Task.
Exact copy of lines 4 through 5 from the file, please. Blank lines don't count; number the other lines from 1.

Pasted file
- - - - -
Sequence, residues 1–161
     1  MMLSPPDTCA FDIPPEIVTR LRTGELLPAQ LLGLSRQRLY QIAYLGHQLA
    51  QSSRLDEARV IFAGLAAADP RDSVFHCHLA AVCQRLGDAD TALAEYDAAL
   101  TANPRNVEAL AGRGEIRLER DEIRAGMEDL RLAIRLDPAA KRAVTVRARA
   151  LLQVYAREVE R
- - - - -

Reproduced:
   101  TANPRNVEAL AGRGEIRLER DEIRAGMEDL RLAIRLDPAA KRAVTVRARA
   151  LLQVYAREVE R